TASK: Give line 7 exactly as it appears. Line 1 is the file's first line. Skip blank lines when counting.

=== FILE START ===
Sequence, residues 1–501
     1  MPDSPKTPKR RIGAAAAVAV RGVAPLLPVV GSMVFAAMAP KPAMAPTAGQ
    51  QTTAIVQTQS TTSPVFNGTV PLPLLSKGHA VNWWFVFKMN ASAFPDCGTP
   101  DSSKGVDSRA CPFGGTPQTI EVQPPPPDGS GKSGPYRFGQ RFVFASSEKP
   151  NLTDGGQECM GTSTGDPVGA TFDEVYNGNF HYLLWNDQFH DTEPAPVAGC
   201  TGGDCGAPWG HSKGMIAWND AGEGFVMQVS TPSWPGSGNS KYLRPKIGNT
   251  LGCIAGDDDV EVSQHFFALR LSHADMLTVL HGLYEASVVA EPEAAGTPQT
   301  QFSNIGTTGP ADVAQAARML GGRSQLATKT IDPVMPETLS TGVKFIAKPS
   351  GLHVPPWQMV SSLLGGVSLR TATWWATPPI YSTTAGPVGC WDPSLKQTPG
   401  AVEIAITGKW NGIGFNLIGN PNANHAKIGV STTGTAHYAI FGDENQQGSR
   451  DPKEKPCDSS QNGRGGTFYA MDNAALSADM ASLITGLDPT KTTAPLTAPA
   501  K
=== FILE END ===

   251  LGCIAGDDDV EVSQHFFALR LSHADMLTVL HGLYEASVVA EPEAAGTPQT